Trump rants about polls, pardons Flynn
US President Donald Trump pardoned his former national security adviser Michael Flynn on Wednesday, ending a prosecution in the Russia probe that saw Flynn twice plead guilty to lying to the FBI and then reverse himself before the justice department stepped in to dismiss his case.
The US president, meanwhile, yet again railed over the election outcome. He stayed home at the White House, rage-tweeted about his defeat to Democrat Joe Biden, saying it was a “rigged election”, then barely mentioned the pandemic or greeted the nation on Thanksgiving, phoned into a packed news conference held by his allies in Pennsylvania, and called for “this election to be turned around”.
On the move to pardon his former NSA, the US president tweeted, “It is my great honour to announce that General Michael T. Flynn has been granted a full pardon. Congratulations to @GenFlynn and his wonderful family, I know you will now have a truly fantastic Thanksgiving!”
The Washington Post slammed the decision to pardon Flynn as a “parting disgrace” from the outgoing president.
President-elect Biden had a more constructive presence through the day. He called for unity and hope in a Thanksgiving eve address to Americans, reminding them that the country was at war with the coronavirus pandemic “and not with each other”.
The contrast in approach between the two leaders, their priorities and their styles played out in full public view over the day on Wednesday. A sombre Biden spoke to Americans from an empty music hall about the need for “solutions, not shouting; reason, not hyper-partisanship; light, not heat”, and urged them not to despair in the face of the pandemic. Speaking of the Covid-19 vaccines in the pipeline, he said, “Hang on, don’t let yourself surrender.”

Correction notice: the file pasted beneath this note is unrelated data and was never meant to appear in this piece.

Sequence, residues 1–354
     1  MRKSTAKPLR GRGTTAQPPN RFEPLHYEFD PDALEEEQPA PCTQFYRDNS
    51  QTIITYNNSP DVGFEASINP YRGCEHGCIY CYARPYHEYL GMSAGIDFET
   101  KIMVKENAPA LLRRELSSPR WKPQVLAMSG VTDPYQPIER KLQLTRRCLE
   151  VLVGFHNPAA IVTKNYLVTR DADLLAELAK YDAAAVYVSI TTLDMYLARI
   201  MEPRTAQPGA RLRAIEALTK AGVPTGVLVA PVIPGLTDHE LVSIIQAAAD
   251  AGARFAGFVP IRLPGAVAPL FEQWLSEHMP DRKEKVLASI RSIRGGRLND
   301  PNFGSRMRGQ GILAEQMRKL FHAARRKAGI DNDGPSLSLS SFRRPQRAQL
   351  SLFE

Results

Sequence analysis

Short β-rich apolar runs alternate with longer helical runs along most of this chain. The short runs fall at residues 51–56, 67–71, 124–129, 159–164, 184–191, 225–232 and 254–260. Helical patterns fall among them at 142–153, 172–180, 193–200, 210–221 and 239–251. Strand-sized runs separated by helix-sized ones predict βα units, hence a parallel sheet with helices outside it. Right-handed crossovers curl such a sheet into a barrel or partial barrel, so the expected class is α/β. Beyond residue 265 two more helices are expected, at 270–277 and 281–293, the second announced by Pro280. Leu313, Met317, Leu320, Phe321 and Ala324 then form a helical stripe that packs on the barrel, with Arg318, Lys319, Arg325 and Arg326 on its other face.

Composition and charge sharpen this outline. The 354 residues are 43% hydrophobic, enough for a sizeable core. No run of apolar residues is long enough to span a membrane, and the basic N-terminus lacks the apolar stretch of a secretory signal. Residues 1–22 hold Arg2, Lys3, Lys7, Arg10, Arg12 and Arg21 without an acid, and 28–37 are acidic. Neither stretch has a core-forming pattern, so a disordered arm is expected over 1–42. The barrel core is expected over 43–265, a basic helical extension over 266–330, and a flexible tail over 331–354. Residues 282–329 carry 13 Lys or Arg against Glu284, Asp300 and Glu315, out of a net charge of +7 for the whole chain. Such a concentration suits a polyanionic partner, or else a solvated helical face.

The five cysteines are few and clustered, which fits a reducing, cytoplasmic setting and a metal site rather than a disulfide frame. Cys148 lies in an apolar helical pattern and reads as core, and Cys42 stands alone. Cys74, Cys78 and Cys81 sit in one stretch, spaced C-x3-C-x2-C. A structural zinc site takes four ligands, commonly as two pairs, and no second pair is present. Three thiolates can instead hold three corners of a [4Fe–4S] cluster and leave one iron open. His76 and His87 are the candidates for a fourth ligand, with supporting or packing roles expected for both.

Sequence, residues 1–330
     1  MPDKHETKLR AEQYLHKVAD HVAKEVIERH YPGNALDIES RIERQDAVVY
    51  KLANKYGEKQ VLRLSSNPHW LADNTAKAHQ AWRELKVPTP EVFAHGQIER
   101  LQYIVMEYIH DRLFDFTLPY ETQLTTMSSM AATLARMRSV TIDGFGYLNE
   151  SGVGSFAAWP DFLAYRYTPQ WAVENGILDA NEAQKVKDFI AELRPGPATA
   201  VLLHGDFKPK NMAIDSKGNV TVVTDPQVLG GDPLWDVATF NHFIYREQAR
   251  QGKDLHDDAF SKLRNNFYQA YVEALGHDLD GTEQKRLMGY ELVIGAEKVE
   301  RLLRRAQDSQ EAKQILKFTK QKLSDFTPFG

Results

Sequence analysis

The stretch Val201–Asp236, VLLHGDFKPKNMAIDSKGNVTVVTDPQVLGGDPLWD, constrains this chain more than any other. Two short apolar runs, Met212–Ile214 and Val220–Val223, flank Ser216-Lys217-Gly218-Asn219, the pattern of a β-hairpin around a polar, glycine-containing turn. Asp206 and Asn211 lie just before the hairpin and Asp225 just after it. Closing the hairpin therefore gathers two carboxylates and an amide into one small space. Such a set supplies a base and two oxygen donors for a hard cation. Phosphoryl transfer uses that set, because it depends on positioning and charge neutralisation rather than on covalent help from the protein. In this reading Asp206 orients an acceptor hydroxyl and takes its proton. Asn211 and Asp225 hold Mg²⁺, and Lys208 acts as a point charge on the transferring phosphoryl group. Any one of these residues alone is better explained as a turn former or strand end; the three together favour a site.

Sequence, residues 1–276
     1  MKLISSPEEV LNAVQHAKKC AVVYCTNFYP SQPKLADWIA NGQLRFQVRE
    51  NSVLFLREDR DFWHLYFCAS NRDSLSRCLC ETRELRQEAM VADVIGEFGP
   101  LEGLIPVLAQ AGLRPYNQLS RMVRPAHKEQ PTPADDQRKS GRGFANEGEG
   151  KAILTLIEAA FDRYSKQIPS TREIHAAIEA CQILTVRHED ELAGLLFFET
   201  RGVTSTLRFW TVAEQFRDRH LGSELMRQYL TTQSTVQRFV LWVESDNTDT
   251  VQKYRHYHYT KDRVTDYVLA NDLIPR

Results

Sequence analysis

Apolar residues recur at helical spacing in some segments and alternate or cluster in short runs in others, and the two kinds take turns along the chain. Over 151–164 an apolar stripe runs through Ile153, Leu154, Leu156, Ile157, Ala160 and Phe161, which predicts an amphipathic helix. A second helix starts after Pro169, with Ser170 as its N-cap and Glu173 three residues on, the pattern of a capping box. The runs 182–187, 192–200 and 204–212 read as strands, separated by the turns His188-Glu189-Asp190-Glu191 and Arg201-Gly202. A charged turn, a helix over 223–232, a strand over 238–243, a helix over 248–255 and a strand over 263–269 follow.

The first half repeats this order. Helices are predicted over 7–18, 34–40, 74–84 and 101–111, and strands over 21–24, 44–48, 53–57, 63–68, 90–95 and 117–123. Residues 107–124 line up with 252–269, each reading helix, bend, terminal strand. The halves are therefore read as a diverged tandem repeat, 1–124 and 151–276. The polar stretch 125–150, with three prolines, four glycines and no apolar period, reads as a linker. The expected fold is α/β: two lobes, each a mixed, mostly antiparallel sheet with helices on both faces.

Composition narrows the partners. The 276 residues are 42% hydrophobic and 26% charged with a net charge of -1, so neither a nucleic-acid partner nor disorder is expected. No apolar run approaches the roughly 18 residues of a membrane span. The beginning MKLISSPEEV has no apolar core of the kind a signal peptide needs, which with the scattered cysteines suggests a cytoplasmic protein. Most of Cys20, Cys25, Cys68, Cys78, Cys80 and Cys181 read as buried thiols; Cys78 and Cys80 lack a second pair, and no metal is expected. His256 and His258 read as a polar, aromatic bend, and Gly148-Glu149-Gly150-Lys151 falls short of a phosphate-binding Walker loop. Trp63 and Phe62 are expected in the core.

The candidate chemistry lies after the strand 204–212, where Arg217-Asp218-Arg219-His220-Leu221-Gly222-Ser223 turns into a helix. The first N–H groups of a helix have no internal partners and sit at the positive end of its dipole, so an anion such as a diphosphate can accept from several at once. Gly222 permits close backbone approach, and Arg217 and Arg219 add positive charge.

Biden, who has sought to stay above Trump’s attempts to challenge the election result, addressed the issue head on.
“In America, we have full and fair and free elections, and then we honour the results,” he said without naming anyone. “The people of this nation and the laws of the land won’t stand for anything else.”
Biden said he understood the task of unifying the country is not going to be easy, but he insisted he was determined to bring together Democrats, Republicans and Independents. “Americans dream big. And, as hard as it may seem this Thanksgiving, we are going to dream big again,” he said.
Enter your email to get our daily newsletter in your inbox
- The panel also criticised WHO for dragging its feet at the start of the crisis, pointing out that the UN health agency had not convened its emergency committee until January 22, 2020.
- The Capitol Police in a statement said the lockdown was lifted and the fire nearby was contained.
- Law enforcement officials said there was no threat to the public and the fire was not believed to be a threat to the inauguration.